Peter (Robert Downey Junior) is about to have a baby, courtesy of his rather lovely wife, the rather underused Michelle Monaghan.
Following the completion of his business meeting, Peter rushes to the airport for his trip home to be there for the birth, a simple plane hop from Atlanta to L.A. At the airport drop off point, he accidentally bumps into a complete stranger, an unkempt, prissy, man child in the shape of a very full bearded and hairy stomached Ethan Tremblay (Zach Galifianakis).
Various misunderstanding’s later, Peter and his new found non-friend are on the “no fly” list. They go their own way, but reconnect due to Peters wallet and drivers license being mislaid. This leaves him no choice but to face the road trip from hell. Diametrically opposed characters are now firmly in place, uptight, successful businessman jammed together with a man who thinks the Grand Canyon is man made, carries his pet pooch like Paris Hilton with added camp and has the personal habits of a fourteen year old.
If you are thinking, this has been done before, minus the dog and camp, you would be right. “Planes, Trains and Automobiles” (PTA), Steve Martin and the late John Candy, created the template for the entire movie.
Both Galifianakis and Downey are good actors and the possibilities for belly laughs are obvious but somehow the film manages to get the tone very wrong, squandering the comedic possibilities at every opportunity. PTA had an underlying affection for the characters, a sweetness that you did not necessarily see but underlined the whole story. Here, neither character is likeable and the abrupt change in Downey’s attitude towards his travelling companion, seemingly occurs off screen.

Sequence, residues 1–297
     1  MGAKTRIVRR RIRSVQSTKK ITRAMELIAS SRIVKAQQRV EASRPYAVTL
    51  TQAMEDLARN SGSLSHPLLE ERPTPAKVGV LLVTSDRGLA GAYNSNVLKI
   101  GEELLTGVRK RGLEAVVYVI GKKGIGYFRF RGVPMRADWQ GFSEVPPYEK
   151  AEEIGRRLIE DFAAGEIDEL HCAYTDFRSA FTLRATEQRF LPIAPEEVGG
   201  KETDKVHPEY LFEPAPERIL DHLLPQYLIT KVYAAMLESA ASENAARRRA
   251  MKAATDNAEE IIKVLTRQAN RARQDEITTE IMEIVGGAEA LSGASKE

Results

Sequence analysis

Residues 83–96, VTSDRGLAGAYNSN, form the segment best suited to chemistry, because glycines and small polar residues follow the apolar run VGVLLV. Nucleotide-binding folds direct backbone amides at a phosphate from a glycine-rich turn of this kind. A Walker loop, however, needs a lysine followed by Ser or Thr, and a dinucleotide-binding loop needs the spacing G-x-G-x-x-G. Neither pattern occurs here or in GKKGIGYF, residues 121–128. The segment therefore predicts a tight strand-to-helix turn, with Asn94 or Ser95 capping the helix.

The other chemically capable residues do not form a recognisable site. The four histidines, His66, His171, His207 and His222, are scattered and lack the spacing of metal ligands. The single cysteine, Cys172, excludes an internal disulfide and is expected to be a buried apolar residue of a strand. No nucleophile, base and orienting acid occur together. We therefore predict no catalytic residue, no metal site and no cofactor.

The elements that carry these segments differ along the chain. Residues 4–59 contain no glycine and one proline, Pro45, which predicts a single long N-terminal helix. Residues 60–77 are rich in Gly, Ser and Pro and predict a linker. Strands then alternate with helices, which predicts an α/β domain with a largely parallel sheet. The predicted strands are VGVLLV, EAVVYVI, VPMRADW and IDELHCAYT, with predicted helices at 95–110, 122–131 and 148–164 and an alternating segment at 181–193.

The film is also derailed by two scenes that are poorly judged and executed, which ruin the reasonable work both before and after. These involve a Iraq war veteran and Tremblay’s method of relaxing before bed. Presumably both scenes are inserted for the younger crowd but they are neither funny nor advance the plot in any meaningful way.
Another sub plot involving Darryl (Jamie Foxx) as Peter’s best friend, goes nowhere and again undermines the film. This further amplifies audiences dislike of Peter, leaving no one to actually root for, aside of the unborn child who must remain blameless.
If you were expecting another “Hangover” from producer Tod Phillips, this only represents quick drinks after work, with some left over stale finger food, rather than the all nighter you might have been expecting.
Overall, very disappointing, as there is a good film in there but the story needs a deft touch and the heavy handed approach leaves the actors little room to create plausible, two dimensional characters. Note to writer, adults punching young children deliberately in the stomach is just not funny, even if they are the neglected offspring of wasted drug dealer (Juliette Lewis) and are annoying.
A mismatched buddy/buddy comedy with few laughs, some poor scenes and an underlying tone of cruelty and meanness.
Go watch “Planes, Trains and Automobiles” instead